Last December, the federal government rammed the Kyoto global "climate change" treaty through the House of Commons. Around that time, several provinces -- Alberta, B.C., Ontario, Saskatchewan and Newfoundland -- pointed out that Ottawa had no plan for Kyoto implementation. Ottawa never clearly explained how it proposed to reduce our so-called "greenhouse gas" emissions by 240 megatonnes by 2010, per the treaty's requirements, without hurting the economy. The lack of a firm government plan made it very difficult to precisely cost out Kyoto's effect on Canada, because no one knew what policy measures Ottawa would use to implement it. The Canadian Manufacturers and Exporters, for example, claimed Kyoto could kill 450,000 jobs by 2010. A Canadian Taxpayers Federation study (written by economist Ross McKitrick) projected that Kyoto could cost the average Canadian family $2,700 annually by the same year.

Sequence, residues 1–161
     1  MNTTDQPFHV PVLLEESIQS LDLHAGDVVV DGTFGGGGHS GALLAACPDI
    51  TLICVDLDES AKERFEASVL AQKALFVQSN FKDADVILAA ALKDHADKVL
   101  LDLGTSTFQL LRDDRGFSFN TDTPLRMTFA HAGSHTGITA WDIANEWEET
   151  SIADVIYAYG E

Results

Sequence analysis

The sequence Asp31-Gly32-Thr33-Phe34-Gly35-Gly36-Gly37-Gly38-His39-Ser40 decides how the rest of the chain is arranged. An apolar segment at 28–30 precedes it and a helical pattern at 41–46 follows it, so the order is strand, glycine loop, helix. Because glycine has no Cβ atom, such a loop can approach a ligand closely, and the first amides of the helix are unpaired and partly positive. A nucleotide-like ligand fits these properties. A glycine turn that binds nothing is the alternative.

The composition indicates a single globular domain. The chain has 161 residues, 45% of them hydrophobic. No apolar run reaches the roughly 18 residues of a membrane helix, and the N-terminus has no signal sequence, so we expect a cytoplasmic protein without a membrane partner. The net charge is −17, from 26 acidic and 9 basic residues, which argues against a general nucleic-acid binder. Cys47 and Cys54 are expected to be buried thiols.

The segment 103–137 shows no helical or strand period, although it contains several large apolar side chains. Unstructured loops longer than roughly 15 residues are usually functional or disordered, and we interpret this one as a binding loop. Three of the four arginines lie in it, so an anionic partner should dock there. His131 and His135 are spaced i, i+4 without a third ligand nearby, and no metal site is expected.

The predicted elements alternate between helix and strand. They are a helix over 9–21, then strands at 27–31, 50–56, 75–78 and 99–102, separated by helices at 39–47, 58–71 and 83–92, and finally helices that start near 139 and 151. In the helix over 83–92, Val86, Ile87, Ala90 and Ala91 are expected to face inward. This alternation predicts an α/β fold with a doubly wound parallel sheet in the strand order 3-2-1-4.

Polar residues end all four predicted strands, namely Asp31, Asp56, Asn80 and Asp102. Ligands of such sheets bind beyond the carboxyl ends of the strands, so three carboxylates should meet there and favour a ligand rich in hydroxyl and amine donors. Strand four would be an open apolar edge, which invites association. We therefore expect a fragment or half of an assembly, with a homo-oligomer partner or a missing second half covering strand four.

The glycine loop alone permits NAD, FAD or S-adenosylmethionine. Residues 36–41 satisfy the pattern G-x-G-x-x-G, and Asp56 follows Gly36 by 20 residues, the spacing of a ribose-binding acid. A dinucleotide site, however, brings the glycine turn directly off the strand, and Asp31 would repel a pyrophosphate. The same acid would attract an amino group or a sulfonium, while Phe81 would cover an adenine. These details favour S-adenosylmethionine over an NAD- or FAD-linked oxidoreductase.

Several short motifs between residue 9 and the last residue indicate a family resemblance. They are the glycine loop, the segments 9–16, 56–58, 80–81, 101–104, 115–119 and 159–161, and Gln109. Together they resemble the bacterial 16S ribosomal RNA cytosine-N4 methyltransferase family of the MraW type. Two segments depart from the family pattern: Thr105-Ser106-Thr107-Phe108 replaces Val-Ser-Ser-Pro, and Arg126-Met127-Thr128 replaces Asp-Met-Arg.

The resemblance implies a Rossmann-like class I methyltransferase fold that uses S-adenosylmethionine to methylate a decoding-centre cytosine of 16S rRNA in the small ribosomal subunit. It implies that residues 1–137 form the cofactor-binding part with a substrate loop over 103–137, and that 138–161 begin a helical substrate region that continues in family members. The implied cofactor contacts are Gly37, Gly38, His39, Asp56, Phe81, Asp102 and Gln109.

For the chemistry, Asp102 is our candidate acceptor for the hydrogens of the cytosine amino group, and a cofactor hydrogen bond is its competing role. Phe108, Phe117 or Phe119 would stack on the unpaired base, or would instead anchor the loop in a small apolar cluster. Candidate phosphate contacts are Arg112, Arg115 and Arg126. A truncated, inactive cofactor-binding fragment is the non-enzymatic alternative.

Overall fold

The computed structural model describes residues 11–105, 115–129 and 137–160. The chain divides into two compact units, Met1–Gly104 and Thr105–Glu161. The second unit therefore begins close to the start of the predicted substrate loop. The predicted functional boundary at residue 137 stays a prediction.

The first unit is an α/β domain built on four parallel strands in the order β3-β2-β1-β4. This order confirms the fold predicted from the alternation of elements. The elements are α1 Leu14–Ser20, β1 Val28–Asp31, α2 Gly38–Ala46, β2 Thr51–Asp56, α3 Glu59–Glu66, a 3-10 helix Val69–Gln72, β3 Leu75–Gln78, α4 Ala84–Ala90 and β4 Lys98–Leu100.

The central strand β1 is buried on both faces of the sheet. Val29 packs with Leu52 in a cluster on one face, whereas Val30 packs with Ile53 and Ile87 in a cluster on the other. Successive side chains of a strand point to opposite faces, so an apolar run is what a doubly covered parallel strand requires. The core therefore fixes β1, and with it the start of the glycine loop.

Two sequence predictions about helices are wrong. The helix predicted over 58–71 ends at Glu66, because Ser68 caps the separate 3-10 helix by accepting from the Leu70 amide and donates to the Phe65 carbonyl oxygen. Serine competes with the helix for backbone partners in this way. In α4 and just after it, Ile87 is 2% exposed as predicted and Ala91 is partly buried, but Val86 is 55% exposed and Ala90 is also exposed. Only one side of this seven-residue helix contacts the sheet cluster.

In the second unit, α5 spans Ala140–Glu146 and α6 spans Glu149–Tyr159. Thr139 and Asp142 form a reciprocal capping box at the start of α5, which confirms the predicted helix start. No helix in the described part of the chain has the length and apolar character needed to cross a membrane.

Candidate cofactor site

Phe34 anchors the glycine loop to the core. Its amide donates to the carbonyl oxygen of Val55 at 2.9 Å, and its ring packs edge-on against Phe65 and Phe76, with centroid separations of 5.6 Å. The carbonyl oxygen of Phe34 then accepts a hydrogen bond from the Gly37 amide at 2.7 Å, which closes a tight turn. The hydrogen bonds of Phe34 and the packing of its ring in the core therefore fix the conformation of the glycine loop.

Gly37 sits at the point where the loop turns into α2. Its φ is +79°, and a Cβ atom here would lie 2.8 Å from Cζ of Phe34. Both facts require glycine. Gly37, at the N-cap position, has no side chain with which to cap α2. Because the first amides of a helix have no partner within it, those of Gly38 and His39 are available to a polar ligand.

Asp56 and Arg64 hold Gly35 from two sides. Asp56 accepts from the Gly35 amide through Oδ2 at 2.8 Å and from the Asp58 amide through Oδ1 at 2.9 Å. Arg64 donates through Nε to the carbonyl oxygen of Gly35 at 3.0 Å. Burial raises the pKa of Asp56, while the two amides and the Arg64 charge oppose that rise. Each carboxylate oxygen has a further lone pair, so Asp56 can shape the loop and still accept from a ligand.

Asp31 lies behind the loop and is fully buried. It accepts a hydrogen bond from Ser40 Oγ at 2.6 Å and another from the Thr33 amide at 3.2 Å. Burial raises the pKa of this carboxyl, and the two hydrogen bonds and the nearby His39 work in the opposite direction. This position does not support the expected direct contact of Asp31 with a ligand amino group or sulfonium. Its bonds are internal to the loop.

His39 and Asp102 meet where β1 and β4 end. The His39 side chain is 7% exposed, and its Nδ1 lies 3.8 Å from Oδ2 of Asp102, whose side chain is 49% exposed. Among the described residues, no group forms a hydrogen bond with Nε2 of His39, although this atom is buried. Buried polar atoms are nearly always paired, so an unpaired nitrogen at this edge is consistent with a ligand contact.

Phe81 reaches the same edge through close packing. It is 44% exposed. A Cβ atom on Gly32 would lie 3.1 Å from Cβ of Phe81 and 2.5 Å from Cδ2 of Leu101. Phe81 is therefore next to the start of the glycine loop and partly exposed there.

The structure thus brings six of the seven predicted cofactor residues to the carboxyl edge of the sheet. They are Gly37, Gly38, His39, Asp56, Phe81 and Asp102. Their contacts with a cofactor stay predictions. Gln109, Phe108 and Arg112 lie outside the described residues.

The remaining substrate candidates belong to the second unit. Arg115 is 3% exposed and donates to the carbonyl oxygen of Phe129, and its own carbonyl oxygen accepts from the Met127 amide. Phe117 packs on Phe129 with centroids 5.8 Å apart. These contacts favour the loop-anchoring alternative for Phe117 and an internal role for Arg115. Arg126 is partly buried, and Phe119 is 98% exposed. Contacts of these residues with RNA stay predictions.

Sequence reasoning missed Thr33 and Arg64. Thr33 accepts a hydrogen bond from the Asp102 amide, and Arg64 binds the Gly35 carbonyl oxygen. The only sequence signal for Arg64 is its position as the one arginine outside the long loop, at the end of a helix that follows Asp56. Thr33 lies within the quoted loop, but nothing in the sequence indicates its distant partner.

The dissenting premiers demanded Ottawa consult with them on how to build a "made-in-Canada" approach to the alleged problem of climate change. The Liberals accused the skeptics of acting in bad faith and trying to delay the treaty's ratification. On Dec. 16, the House passed the treaty over their protests.

Ottawa's rashness has returned to haunt it. More than six months later, it still has not published a Kyoto implementation plan. That's because the accord sits mired in a four-way tug-of-war between Environment Canada, Natural Resources Canada, the Prime Minister's Office and the Privy Council Office. There's also talk of bringing Industry Canada and Finance Canada into the mix. The result is political paralysis. Too many cooks have spoiled the Kyoto broth. As Paul Martin, candidate for the Liberal leadership, observed in May, "What they did was to simply ratify Kyoto without a plan, then start to work on it. You see where we are ... we still don't have a plan."